Build and Lead A Company Customers Can’t Live Without


Become Indispensable


Want to take your company to the next level?

Become more competitive?

How about becoming Indispensable to your customers?


INDISPENSABLE is the title of the book by James M. Kerr. Not only did I read this book, but I endorsed it right on the back cover. James M. Kerr is an author, management consultant, and leadership coach specializing in culture, vision, and people strategies. I’ve long followed and read Jim’s columns and other books. Jim and I discussed some of the ideas from his latest book.

Why should every individual and organization seek to be indispensable? And why is this more important than ever?

Please believe that regardless of what your company does or how it does it, there’s another firm right behind it ready to take your spot. Moreover, your competition is not just local businesses. It’s global.

Your customers have choices. If you can’t give them what they want, in the way that they want it, someone else will. It’s just a point and click away. So, you better figure out quickly just how to become indispensable or you just might be replaced.

While my book isn’t about helping a person become indispensable, per se, the same rules apply. Employers are not limited to the talent available in their local markets.

If it did nothing else, the pandemic and business leaders’ responses to it, has proven that knowledge workers can conduct their work remotely at an extremely high-level, with limited disruption. So, if you can’t deliver, finding someone that can isn’t as challenging as it might have been before.


What makes an indispensable company? Would you share an example?

The Merriam-Webster Dictionary defines “Indispensable” as being absolutely necessary and not subject to being set aside or neglected.

An indispensable company is one that customers can’t live without.

Think Amazon, Apple or Starbucks. Each have loyal customers that can’t imagine bringing their business to any other player in those respective marketplaces.



How do these leaders actively create a culture that supports transformation and change?

As I write in the book:

“If you want to be indispensable, you need the right culture. Period. End of sentence.”



Of course, company culture is influenced by the preferences and leadership style of the senior management team. These preferences and styles are passed down from generation to generation of worker through myth and legend – much like a country’s culture emerges through the stories that its people tell themselves.

To change the narrative of your company, culture must be transformed deliberately and aligned with the rest of the indispensable agenda as laid out in the book.

Specifically, I cover my Culture Reset Methodology™ quite extensively in the book, offering ideas and insights gleaned from the work that I’ve done with companies including General Dynamics, The Home Depot and The Hartford. The intent is to help the reader see the path forward to indispensability.



When you see a “leader” (deliberately in quotes) who is failing and not one to emulate, what are some of the common reasons that they are struggling?

This is such a great question and one we don’t usual tackle in the trade press.

I’m a firm believer that leadership is first, and foremost, about character. Leaders fail, more times than not, because they fall victim to choosing parochial interests over doing what is right. Choose to be decent and pursue the right thing and you will be an effective leader because the people whom you lead will want to do whatever it takes to achieve what you’ve established as the goal.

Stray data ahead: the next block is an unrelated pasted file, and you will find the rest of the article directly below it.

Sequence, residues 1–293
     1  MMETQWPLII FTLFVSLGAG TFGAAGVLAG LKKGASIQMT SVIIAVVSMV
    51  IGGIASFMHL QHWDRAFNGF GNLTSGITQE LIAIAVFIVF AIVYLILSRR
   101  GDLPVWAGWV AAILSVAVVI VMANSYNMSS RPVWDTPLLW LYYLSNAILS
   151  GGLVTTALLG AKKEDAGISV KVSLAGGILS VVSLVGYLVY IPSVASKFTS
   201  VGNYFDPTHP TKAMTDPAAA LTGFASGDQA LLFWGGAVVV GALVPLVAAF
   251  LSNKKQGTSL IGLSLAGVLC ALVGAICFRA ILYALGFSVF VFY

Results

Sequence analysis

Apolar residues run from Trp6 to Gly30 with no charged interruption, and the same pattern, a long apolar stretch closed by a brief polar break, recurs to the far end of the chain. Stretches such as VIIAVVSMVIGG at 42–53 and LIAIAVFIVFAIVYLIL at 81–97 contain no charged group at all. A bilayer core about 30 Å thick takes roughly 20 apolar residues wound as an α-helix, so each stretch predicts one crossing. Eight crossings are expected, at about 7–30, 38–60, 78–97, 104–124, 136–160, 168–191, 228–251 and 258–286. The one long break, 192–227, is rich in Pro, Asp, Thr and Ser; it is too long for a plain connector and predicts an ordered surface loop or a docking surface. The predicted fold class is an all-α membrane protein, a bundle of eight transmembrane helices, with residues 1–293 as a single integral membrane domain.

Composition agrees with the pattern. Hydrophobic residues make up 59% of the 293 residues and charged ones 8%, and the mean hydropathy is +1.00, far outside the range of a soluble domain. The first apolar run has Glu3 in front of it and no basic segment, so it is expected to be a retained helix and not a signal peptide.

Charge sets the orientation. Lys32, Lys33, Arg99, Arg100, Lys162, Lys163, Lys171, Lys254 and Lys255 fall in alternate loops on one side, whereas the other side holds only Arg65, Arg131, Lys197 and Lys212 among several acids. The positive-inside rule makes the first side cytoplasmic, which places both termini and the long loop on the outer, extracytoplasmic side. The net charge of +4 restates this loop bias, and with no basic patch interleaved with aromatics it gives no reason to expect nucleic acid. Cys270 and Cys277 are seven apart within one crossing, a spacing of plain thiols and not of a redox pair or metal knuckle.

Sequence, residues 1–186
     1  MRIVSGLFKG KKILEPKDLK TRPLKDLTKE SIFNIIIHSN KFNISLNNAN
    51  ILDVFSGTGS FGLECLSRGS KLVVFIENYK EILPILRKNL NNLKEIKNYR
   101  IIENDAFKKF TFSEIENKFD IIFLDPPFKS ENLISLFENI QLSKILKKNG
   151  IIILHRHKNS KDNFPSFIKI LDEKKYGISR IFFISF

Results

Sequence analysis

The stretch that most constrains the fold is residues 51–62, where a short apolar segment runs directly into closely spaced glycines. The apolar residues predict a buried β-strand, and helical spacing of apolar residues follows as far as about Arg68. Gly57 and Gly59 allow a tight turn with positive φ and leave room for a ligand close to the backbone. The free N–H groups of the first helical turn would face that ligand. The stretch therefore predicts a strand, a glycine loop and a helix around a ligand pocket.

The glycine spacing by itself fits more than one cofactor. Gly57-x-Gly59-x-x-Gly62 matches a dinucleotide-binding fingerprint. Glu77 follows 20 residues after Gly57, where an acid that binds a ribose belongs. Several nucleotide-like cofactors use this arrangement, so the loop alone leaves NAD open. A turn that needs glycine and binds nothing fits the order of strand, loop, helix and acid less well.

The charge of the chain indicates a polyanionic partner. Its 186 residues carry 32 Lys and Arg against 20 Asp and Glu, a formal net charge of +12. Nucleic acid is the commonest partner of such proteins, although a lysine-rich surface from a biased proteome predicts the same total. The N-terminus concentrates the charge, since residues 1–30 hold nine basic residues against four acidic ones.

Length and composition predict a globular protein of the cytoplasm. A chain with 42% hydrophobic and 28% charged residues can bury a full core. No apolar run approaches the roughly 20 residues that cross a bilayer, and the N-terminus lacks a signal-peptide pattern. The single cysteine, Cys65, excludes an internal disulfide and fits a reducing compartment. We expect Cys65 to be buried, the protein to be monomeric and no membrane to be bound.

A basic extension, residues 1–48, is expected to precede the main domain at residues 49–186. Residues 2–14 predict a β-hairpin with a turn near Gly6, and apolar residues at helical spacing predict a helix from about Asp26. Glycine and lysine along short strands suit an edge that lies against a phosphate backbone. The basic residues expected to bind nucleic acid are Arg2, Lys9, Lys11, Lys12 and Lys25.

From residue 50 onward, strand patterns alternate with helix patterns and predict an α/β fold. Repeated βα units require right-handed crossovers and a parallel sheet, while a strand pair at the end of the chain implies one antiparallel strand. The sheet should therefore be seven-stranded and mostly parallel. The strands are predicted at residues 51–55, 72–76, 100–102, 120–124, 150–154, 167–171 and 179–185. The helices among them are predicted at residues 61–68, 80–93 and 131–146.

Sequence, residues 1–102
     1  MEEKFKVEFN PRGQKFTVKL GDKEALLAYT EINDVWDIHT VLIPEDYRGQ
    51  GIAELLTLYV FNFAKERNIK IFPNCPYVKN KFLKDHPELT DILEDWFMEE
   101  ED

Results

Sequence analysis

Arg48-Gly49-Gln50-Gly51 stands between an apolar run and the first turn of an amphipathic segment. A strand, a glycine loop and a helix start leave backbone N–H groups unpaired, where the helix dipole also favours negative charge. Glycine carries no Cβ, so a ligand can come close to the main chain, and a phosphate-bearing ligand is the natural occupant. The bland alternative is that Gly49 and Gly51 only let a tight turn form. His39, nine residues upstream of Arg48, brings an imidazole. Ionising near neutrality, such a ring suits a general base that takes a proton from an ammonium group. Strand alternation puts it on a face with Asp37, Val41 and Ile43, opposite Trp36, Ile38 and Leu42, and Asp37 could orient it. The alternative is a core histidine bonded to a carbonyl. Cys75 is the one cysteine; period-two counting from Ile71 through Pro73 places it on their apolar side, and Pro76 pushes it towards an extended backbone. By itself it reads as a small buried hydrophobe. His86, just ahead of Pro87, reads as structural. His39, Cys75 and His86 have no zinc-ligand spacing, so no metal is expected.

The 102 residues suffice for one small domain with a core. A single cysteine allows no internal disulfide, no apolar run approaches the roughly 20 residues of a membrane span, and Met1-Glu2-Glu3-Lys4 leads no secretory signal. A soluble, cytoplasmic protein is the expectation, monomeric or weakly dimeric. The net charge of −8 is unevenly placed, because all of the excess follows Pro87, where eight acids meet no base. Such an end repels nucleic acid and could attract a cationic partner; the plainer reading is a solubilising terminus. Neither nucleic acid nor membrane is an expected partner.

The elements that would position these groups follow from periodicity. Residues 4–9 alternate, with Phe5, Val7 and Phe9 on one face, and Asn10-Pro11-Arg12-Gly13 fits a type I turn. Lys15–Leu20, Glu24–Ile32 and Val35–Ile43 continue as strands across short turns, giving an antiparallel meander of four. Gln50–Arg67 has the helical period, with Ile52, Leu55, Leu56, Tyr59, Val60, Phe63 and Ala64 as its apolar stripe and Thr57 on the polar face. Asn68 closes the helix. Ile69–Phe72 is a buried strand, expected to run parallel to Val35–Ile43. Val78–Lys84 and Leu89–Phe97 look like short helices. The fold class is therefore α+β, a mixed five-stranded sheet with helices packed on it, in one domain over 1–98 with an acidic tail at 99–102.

What tips do you have for the newly minted leader that could help her get off to a great start?

Newly minted managers is a topic that I’ve been blessed to have developed quite a bit of experience addressing through my coaching practice.

I am often asked to coach my client’s highest potential staffers, helping to groom them for more responsibility and leadership opportunities as they arise within the business.

Here is the number one tip that I regularly provide to those I coach:

“Leadership is not a game of perfect.”

You’re going to make mistakes. Take the time to learn from them. Time is on your side. Like any important skill, it takes practice. Give yourself that time.



How do leaders best set the agenda in an inspiring and authentic way?

You have to keep it real!

Be honest, talk straight, be present, and do it like only YOU can do! To try and lead any other way is folly. People see through it and will resent that you’re trying to fool them into believing that you’re something that you’re not. You do you and let me do me.



What are the best ways to sell this agenda?

The agenda laid out in Indispensable is elegant in its simplicity. But, it requires that a leader does a lot of things “right.”

That said, you need a plan for achieving your vision for indispensability. Be sure it includes the definition of the various initiatives required to move the organization from where it is to where it needs to be.

You will not achieve your vision for indispensability without having a plan to get there – construct one and follow it. It’s what I’ve been helping my clients to do for over 30 years!

Any other top-of-mind tips for leaders striving to build an indispensable organization?

Jim KerrLet me offer one more bit of advice:

“Never settle for ‘good enough!’”

Simply put, “good enough” does not make it “right.” In fact, putting the “right” stuff in place is at the heart of the Indispensable Agenda that I share in the book.

To be sure, the leader of an indispensable business knows that their best work is always ahead of them. Lead like you believe that to be true, too, and good things will come your way.

For more information, see INDISPENSABLE: Build and Lead A Company Customers Can’t Live Without.




Image Credit: Jr Korpa

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